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French court overturns sentence for farmer who helped migrants cross border

Cedric Herrou stands outside the court in Aix-en-Provence
Cedric Herrou stands outside the court in Aix-en-Provence AFP

A French court on Wednesday overturned the sentencing of French farmer Cedric Herrou who helped migrants cross the Franco-Italian border. It's the first decision of its kind since France's Constitutional Court ruled in July that people cannot be charged for helping migrants, as this went against the basic French "principle of fraternity".

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Herrou was given a four-month suspended prison sentence in August 2017 by an appeals court in Aix en Provence for helping about 150 migrants trying cross the Franco-Italian border.

The olive farmer was also convicted for sheltering some 50 Eritreans in a disused railway building.

The Vallée de Roya in the Alpes-Maritimes department of south-east France is an entry point for thousands of people who are trying to reach European countries after sailing across the Mediterranean.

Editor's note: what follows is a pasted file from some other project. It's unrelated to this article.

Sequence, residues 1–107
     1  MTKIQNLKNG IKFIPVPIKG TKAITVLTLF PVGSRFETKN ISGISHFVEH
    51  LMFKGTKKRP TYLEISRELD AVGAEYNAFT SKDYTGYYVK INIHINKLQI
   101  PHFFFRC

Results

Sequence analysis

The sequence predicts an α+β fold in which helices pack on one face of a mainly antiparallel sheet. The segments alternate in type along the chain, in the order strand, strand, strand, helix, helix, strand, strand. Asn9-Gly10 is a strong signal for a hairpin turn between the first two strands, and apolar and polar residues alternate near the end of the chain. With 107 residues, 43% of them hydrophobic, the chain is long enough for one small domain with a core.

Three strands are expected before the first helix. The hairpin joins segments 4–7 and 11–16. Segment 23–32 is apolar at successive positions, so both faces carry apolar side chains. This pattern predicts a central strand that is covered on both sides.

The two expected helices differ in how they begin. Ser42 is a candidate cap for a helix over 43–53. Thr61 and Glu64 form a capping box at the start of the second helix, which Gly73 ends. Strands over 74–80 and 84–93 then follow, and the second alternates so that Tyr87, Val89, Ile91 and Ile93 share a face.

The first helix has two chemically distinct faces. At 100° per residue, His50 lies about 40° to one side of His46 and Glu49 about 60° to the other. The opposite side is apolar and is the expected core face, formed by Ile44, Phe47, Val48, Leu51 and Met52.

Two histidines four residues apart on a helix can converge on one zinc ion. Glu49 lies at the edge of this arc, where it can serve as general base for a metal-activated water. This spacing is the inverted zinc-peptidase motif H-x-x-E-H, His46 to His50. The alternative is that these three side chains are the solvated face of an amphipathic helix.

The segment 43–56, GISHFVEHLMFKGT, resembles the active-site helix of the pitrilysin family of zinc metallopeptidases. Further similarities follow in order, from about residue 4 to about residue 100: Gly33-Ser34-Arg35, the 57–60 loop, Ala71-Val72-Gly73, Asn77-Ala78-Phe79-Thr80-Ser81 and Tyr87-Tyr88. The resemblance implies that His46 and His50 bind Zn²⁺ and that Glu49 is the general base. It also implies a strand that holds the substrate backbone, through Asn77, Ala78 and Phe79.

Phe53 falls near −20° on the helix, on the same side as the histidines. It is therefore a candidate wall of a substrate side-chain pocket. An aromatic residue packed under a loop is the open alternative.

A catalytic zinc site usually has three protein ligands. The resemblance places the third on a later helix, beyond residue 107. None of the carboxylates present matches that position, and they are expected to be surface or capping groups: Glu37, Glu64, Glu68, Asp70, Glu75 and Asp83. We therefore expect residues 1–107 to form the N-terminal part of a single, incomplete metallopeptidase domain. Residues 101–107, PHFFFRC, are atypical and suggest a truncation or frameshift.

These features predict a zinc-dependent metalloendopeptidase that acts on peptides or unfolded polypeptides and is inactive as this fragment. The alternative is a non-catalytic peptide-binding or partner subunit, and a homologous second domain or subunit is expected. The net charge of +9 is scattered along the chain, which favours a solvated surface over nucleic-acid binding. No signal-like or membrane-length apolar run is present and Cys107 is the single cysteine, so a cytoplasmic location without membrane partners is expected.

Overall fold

The Aix-en-Provence court had in September of 2017 also sentenced the researcher Pierre-Alain Mannoni with a two-month suspended prison sentence for helping and transporting three Eritrean migrants in the same region.

His sentence was also overturned on Wednesday.

The humanitarian exception

According to an asylum-immigration article issued on 10 septembre 2018, helping foreigners is permitted by the law only if it is on a strictly humanitarian basis.

Herrou's victory came after his second appeal at a court in Lyon.

Herrou’s lawyer Patrice Spinosi, welcomed Wednesday's decision calling it a "humanitarian exception" and "a great victory" for his client.

"Lending a hand to a foreigner, as long as it's not done for gain, should not be punishable," the lawyer said after the first appeal hearing.

Prior to the constitutional court's "fraternity" ruling, activists and others providing humanitarian aid including food and shelter have faced up to five years in prison and fines of 30,000 euros ($35,000), though most people convicted have been given much lighter sentences.

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